We might regard the 1980s as the twilight of this pre-ergonomic age. Even in the popular imagination, the workplace of the ’80s is outfitted with chairs that wheel, swivel, and tilt, less for the sake of efficiency than to allow a sort of perpetual motion and keep apace with the swashbuckling, Wall Street-inflected pace of the age. As business culture changed from the maverick traders, junk peddlers, and corporate raiders of the ’80s to the networked hive-logic of the ’90s, so too did the chairs. Olivares points to the now-ubiquitous Aeron chair of 1994, developed specifically with computer users in mind, as a turning point when the grandiose, self-consciously status-seeking chair came to seem brute and old-fashioned. Aerons became their own status symbol, despite their seeming minimalism. (Recall another scene: bankers and Wall Street brokers whose firms have melted down, wheeling out Aerons under the cover of night to hawk on Craigslist.)
The 1990s Aeron revolution returned us to one of the prevailing concerns of early organizational culture: efficiency, under the guise of “ergonomics.” The promotion of healthy posture had long been an essential component of workplace management and, thus, of chair design. Scientific books such as Henry Dreyfuss’s Measure of Man (1960) and Niels Diffrient’s Humanscale (1974) had resulted in a heightened awareness over the dynamics and durability of the human body. But interest in ergonomics went mainstream in the ’90s, as the rise of personal computing meant that workers got used to sitting at their desks for stretches of eight hours at a time. “Lumbar” became part of the lexicon. Leaving one’s desk to access files or archives was no longer essential. Free time was spent sitting at the same desk, the Internet our new water cooler; and for the first time white-collar workers could convincingly claim to work from home, a hotel room, or a coffee shop. Bartleby the Scrivener would at least have Minesweeper to pass the time, and his protest would enact far fewer injuries on his body: his chair would be so supple and airy, he would forget he was sitting in the first place.
I have moved on from my Steelcase. Owing to a noisy back and an increasingly sedentary lifestyle — and convinced, ultimately, by a slick online promotional film detailing the research and trials that went into it — I recently purchased a “Setu” by Herman Miller. It is the penultimate entry in Olivares’s chronology. A shockingly light chair, its backrest and seat are constructed “with mesh stretched between flexible, bilateral plastic spines. The weight of a sitter opens the spines, raises the seat and controls the recline.” Many of the newer chairs in Olivares’s study assume a similar responsiveness, depending on one’s weight, arm position, and preferred degree of tilt. Rather than proscribing a specific sitting posture, they provide an experience that is unique and customizable, which seems fitting given our times. After all, at no point in history has the market seemed so responsive to our individual whims and desires as consumers.
High-end chair production is expensive and dominated by a few major manufacturers, lending the last few pages of A Taxonomy of Office Chairs a feeling of inevitability; after all, where does one go from the chair that is lightweight, recyclable, multifunctional and responsive? What is striking about Olivares’s book is how visionary certain designs seem when displayed beside their contemporaries. The “Revolving Armchair” was designed by Austrian manufacturer Gebruder Thonet in 1865. It features a gorgeous bentwood frame, and the backrest and seat are constructed of rattan weave. It looks more like it belongs in a parlor than does the tilting, rocking chair-inspired designs or the built-to-last cast iron ones then coming out of the United States. Over a century later, Thonet’s distinctive rattan weave would inspire the semitransparent backrest and seat of the Aeron.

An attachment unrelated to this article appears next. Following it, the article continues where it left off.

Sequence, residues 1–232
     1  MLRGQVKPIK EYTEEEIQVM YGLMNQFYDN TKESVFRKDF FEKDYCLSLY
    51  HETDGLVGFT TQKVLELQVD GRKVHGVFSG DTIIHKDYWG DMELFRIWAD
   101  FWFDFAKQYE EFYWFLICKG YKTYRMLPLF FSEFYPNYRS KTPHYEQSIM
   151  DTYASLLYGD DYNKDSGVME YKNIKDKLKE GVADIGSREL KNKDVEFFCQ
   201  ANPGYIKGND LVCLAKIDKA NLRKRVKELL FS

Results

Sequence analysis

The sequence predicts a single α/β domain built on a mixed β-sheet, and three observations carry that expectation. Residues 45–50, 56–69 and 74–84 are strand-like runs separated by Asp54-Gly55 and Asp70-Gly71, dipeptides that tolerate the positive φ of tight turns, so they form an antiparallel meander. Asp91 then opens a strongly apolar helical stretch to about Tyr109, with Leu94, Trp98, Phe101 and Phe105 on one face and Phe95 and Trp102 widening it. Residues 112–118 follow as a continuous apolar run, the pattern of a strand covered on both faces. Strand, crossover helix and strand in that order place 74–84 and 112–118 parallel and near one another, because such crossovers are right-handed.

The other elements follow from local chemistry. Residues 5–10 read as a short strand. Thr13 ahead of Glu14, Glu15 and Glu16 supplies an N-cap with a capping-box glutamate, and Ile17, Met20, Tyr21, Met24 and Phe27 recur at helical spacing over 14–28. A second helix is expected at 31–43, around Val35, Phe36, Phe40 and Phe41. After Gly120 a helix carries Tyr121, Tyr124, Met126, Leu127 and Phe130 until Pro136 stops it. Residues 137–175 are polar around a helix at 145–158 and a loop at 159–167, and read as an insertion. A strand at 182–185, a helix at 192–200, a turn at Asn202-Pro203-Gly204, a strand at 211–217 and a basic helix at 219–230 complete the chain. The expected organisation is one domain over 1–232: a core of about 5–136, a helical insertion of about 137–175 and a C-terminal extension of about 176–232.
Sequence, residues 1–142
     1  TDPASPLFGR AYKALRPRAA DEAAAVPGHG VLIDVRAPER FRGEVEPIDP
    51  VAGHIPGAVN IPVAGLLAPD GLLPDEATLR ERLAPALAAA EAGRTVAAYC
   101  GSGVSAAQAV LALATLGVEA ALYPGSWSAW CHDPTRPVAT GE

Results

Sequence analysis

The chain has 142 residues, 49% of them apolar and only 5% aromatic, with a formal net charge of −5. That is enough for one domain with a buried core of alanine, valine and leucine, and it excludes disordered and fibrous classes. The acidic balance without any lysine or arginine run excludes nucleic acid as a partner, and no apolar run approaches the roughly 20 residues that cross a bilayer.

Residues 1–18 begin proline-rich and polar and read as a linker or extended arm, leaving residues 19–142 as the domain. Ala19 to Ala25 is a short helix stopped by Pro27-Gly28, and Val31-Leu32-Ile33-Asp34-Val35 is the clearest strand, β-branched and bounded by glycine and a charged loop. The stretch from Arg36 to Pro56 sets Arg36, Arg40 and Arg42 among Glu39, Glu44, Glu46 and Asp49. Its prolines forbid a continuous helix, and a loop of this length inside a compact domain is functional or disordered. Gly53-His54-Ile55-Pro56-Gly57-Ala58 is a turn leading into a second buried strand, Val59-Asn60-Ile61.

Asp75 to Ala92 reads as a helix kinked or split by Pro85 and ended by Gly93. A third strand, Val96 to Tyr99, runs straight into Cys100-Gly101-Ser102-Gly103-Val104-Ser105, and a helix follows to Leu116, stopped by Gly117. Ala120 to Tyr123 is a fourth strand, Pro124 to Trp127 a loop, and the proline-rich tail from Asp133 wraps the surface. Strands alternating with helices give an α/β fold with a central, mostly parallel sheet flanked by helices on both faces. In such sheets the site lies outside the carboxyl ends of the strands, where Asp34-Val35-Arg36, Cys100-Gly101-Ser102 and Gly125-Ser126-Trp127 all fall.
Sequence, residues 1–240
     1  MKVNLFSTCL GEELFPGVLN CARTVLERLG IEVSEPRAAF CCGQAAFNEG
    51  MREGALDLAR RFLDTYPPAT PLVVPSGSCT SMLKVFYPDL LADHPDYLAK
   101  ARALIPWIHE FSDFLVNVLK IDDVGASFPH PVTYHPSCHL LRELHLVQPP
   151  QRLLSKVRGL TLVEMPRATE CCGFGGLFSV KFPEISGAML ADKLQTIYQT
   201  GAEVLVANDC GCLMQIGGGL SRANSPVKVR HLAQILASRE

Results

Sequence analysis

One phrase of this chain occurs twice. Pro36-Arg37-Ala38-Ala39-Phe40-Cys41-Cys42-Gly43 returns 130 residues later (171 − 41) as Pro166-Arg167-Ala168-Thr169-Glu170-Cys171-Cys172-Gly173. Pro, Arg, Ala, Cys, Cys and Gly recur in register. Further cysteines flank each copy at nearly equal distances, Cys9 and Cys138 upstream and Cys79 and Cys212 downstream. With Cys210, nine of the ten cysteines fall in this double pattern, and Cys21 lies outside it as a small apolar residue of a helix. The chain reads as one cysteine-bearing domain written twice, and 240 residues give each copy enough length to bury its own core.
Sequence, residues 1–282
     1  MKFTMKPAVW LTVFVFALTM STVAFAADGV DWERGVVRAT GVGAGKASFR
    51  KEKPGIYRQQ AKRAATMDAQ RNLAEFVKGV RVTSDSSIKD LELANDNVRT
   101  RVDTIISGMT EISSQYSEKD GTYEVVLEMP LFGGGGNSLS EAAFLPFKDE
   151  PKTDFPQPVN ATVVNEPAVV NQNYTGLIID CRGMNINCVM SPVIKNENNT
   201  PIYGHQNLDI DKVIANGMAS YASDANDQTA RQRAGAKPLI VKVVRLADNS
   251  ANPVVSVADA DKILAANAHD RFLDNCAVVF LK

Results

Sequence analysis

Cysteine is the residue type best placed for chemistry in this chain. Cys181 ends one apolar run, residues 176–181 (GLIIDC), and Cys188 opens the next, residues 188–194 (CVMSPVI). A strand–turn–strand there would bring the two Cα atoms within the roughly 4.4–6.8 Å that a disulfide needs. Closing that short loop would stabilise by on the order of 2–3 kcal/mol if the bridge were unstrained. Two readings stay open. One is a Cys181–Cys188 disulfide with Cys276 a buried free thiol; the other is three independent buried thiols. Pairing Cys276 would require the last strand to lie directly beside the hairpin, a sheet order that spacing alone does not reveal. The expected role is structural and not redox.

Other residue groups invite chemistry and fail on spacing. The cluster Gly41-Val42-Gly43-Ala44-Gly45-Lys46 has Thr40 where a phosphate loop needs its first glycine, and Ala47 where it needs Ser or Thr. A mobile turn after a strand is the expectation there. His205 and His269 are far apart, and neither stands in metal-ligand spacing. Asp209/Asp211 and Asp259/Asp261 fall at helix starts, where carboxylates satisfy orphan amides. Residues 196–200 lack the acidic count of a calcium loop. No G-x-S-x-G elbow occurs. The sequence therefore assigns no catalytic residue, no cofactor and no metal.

There are few specimens that look quite as perfect as the “B7a,” introduced by Thonet designer Marcel Breuer in 1928. It is a marvel of bent steel tubes and stretched fabric, and traces of its DNA can be found in Charles and Ray Eames’s game-changing “Aluminum Group Chair” of 1958. The Eames’s “PACC” chair, with its inviting, molded shell of fiberglass and resin, seems to emerge out of nowhere when contextualized by the gaudy dentist chairs and artfully strange geometry play of the early 1950s. Other innovations failed to catch on. Ray Wilkes’s “Rollback Chair” of 1977 foresaw the need for adjustable lower-back support, but its bold, cylindrical spine rest looks like an oversized toilet-roll dispenser. The “Capisco,” designed by Peter Opsvik in 1984, is novel in allowing the user to sit sideways or face backward. Unfortunately, its suspicious headrest makes it look more like a chair one gets strapped into during an interrogation.
In his preface, Olivares describes some of the more rhapsodic interviews he conducted while doing research for his book. According to Olivares, Mario Bellini, an Italian designer renowned for his work at Olivetti, remarked that the three greatest events in office-chair history were “the Industrial Revolution, his 1984 Persona chair because it re-introduced humanism to office seating, and his 2005 Headline chair because it re-established the connection between man and desk.” Olivares’s commitment to detailing the whole historical sweep of office-chair design prohibits him from dwelling on Bellini’s strangely macho pronouncements, or detailing the “risky” process of designing the Aeron chair alluded to by another interviewee, American designer Don Chadwick. The preface as a whole is adroit and multidisciplinary, yet teasingly short. All the aberrations, one-off mutations, and strokes of genius along the evolutionary chain are weirdly captivating, and a different, more anecdotal or cultural history of the office chair might have speculated about their rationale.
But Olivares’s desire to produce an “objective” taxonomy — and his implied resistance of Mad Men– or Design Within Reach-inspired nostalgia — is, in its way, somewhat admirable. The merely anonymous and “brutally ugly” appear alongside elegant, canonical designs. In tracking the life cycles of these modest objects, a chronicle of our changing values comes into focus: all the bygone notions of authority and elegance, the laughable apexes and bracing futurisms of yesterday, and all our shifting perceptions of what constitutes “work,” from the immovable materials of factory days to the feather-light, 96 percent recyclable, airy thrones of the digital future.